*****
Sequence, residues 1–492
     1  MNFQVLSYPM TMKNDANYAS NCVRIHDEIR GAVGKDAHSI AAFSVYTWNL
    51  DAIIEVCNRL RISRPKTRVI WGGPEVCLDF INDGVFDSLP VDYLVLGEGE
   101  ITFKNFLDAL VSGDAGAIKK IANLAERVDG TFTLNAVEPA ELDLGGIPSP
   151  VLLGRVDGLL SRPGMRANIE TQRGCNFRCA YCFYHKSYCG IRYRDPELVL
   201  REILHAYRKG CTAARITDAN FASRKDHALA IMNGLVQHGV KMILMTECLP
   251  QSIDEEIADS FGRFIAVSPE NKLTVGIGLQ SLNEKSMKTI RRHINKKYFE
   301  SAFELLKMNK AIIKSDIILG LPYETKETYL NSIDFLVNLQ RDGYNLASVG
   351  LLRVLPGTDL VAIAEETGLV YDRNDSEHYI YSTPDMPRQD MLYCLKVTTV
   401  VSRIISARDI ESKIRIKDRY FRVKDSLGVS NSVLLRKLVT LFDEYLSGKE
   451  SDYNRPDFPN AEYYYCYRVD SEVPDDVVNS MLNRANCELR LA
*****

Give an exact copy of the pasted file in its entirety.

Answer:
Sequence, residues 1–492
     1  MNFQVLSYPM TMKNDANYAS NCVRIHDEIR GAVGKDAHSI AAFSVYTWNL
    51  DAIIEVCNRL RISRPKTRVI WGGPEVCLDF INDGVFDSLP VDYLVLGEGE
   101  ITFKNFLDAL VSGDAGAIKK IANLAERVDG TFTLNAVEPA ELDLGGIPSP
   151  VLLGRVDGLL SRPGMRANIE TQRGCNFRCA YCFYHKSYCG IRYRDPELVL
   201  REILHAYRKG CTAARITDAN FASRKDHALA IMNGLVQHGV KMILMTECLP
   251  QSIDEEIADS FGRFIAVSPE NKLTVGIGLQ SLNEKSMKTI RRHINKKYFE
   301  SAFELLKMNK AIIKSDIILG LPYETKETYL NSIDFLVNLQ RDGYNLASVG
   351  LLRVLPGTDL VAIAEETGLV YDRNDSEHYI YSTPDMPRQD MLYCLKVTTV
   401  VSRIISARDI ESKIRIKDRY FRVKDSLGVS NSVLLRKLVT LFDEYLSGKE
   451  SDYNRPDFPN AEYYYCYRVD SEVPDDVVNS MLNRANCELR LA